ADHD in Children

When thinking about ADD in children we tend to think that it means that the child can’t focus and ADHD in children that the child really can’t focus. This however is not true at all. ADD and ADHD are merely separated by a timeline and the better understanding of what it actually means.

ADHD includes being inattentive as well as being hyperactive. Stating that these two symptoms are what makes up the classification of ADHD does not mean that both will be present. The current DSM-V distinguishes the disorder by the presence of one or the other, or both. This classification of the disorder and the subtypes are divided further by subcategorising both hyperactivity and inattentiveness into nine possible symptoms for each. The inattentive branch includes symptoms such as: being careless, making mistakes, not listening and being easily distracted. The hyperactivity branch includes symptoms such as: fidgeting, moving around a lot (ant in the pants) and having to physically adjust the location the individual finds themselves at. ADHD in children can only be diagnosed when at least six of the nine symptoms are present, for at least six months and has to have been present between the ages of six to twelve years of age.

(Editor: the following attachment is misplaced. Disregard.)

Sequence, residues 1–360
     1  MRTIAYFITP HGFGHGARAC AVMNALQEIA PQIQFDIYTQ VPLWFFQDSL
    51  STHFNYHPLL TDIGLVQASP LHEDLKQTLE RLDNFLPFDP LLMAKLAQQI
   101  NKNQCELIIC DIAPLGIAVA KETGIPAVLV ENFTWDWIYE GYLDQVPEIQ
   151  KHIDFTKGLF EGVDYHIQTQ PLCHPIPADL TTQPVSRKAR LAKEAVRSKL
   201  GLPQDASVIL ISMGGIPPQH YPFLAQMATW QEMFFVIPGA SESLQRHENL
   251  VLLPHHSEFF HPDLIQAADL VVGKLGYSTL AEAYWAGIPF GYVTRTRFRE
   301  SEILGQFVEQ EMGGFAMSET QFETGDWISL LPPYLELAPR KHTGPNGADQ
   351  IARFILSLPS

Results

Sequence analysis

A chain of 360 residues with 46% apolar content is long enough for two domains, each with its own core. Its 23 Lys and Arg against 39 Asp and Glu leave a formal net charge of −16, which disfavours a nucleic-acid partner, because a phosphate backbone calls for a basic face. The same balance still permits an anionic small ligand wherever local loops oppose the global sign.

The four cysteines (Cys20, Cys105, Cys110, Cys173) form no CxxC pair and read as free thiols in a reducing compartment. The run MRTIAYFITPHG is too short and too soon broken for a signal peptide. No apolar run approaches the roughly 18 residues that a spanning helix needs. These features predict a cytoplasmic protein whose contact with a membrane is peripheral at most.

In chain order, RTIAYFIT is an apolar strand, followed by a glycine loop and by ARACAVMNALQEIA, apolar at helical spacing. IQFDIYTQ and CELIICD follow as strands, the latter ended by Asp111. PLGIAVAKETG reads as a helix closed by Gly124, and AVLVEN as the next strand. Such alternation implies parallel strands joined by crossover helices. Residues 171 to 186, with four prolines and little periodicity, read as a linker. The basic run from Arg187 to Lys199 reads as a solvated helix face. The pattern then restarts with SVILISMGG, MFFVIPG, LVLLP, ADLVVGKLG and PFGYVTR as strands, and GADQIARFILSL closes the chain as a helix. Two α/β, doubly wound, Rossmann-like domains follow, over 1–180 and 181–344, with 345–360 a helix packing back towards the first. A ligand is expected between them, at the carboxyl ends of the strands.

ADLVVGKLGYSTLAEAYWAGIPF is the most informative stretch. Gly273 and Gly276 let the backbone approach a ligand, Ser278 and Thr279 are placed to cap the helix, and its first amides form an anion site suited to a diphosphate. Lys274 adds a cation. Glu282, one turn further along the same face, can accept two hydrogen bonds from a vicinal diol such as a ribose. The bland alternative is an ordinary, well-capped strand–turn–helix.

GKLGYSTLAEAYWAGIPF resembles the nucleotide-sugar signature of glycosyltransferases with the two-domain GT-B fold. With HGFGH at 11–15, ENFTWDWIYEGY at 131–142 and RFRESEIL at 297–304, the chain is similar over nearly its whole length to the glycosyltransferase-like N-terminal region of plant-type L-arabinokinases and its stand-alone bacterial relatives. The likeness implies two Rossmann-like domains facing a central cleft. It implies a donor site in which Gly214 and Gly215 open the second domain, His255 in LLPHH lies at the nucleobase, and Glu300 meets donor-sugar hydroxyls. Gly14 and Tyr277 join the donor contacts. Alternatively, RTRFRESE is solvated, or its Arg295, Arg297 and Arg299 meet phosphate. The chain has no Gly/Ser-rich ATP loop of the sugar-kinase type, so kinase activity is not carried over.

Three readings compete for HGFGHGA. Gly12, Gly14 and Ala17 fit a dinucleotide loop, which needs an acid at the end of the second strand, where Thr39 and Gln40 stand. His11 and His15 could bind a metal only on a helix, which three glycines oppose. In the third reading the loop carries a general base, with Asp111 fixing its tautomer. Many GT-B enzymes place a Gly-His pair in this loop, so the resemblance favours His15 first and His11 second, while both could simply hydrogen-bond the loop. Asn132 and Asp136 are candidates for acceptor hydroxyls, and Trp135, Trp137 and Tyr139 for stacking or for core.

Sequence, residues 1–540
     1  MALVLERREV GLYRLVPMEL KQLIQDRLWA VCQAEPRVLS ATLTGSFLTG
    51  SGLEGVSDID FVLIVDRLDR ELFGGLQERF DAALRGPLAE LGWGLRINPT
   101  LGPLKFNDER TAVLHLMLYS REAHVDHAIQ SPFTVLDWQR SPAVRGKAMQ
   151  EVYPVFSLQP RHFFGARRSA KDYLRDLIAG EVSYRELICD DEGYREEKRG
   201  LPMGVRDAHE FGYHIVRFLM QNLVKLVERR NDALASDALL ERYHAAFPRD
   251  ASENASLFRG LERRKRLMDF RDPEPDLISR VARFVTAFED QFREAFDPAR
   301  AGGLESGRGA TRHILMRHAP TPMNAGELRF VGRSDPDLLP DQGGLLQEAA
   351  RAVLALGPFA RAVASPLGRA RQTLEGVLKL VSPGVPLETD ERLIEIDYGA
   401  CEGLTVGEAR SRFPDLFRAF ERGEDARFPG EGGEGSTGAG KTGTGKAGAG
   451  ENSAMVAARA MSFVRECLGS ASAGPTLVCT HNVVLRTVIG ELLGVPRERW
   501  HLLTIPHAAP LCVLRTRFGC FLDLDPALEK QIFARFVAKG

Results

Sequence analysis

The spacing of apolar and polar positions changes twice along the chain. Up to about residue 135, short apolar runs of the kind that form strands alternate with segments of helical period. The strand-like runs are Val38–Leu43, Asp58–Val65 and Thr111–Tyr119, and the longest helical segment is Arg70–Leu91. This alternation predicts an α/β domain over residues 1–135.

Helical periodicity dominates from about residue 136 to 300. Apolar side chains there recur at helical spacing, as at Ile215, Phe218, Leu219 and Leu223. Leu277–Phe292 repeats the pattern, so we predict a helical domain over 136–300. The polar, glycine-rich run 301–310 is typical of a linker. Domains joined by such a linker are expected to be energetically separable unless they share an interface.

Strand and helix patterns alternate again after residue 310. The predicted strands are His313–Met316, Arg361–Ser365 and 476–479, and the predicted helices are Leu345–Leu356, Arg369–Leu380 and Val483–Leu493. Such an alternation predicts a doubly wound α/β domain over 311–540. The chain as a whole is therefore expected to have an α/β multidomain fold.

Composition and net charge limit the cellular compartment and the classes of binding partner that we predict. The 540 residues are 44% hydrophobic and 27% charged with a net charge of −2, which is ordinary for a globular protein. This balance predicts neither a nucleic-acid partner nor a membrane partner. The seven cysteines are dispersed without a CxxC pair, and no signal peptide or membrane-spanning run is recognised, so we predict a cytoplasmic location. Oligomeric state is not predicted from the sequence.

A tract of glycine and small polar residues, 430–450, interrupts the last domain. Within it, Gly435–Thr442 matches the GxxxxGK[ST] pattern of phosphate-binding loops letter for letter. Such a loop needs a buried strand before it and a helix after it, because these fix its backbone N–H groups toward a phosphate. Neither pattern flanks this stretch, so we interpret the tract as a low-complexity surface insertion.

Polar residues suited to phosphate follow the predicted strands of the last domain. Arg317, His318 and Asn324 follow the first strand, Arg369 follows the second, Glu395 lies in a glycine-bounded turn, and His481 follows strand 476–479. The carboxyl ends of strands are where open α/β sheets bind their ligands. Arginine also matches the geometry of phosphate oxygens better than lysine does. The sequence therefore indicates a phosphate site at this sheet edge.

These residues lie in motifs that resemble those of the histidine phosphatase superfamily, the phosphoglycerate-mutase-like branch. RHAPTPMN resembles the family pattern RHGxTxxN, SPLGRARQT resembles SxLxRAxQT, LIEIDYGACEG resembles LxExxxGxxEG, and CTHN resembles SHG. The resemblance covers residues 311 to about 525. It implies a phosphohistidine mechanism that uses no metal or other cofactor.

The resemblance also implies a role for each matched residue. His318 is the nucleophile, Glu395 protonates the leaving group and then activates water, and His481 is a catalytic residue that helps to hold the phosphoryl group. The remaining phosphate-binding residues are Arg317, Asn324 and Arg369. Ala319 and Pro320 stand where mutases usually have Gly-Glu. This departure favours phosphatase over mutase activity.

The question at the end of this is, what are the chances of progression or at least stability?

You’ll be satisfied to know that through medicinal and behavioural intervention programmes it is possible to progress, gain stability, gain control or even be cured of ADHD in children. The road ahead does not lie empty with challenges, it does not cater for the light-hearted, it does not pretend and does not warn. But at Catch Up Kids we embrace all of these, we need challenges, we don’t want easy as easy never made you learn neither did it make you strong, we never pretend when it comes to the best possible behavioural intervention programme out there, we don’t need warning as we invite a world full of unexpected circumstances. This is what makes the road ahead on we always choose.

Providing comfort through expertise is what makes the “challenge” of a “naughty child” one we wake up every morning wanting to embrace.

ADHD has created a world of opportunity for growth and progression in one where others have seen only the opportunity to discard. It’s easy to label a child with ADHD as one who is impossible to work with and pass them along to the next willing candidate, but so much more rewarding finding an environment which embraces all of the negative and changes it to a positive.

ADHD? We say game on.